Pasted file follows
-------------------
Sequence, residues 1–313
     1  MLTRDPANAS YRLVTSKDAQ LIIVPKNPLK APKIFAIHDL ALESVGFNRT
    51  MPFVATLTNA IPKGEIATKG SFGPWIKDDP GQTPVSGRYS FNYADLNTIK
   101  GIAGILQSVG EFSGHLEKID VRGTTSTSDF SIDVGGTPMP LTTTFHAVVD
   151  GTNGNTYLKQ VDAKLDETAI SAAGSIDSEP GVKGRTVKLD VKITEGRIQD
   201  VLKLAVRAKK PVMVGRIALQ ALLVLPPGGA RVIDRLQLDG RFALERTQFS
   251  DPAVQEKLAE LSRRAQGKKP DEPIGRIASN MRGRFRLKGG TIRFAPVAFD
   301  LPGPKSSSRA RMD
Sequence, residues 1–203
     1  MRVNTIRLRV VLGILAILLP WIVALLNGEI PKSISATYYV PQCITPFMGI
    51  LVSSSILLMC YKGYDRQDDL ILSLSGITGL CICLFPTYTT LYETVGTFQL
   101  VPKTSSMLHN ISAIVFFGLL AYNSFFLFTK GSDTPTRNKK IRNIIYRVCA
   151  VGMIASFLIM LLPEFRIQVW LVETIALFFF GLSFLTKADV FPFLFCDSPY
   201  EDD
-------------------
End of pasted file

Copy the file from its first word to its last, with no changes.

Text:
Sequence, residues 1–313
     1  MLTRDPANAS YRLVTSKDAQ LIIVPKNPLK APKIFAIHDL ALESVGFNRT
    51  MPFVATLTNA IPKGEIATKG SFGPWIKDDP GQTPVSGRYS FNYADLNTIK
   101  GIAGILQSVG EFSGHLEKID VRGTTSTSDF SIDVGGTPMP LTTTFHAVVD
   151  GTNGNTYLKQ VDAKLDETAI SAAGSIDSEP GVKGRTVKLD VKITEGRIQD
   201  VLKLAVRAKK PVMVGRIALQ ALLVLPPGGA RVIDRLQLDG RFALERTQFS
   251  DPAVQEKLAE LSRRAQGKKP DEPIGRIASN MRGRFRLKGG TIRFAPVAFD
   301  LPGPKSSSRA RMD
Sequence, residues 1–203
     1  MRVNTIRLRV VLGILAILLP WIVALLNGEI PKSISATYYV PQCITPFMGI
    51  LVSSSILLMC YKGYDRQDDL ILSLSGITGL CICLFPTYTT LYETVGTFQL
   101  VPKTSSMLHN ISAIVFFGLL AYNSFFLFTK GSDTPTRNKK IRNIIYRVCA
   151  VGMIASFLIM LLPEFRIQVW LVETIALFFF GLSFLTKADV FPFLFCDSPY
   201  EDD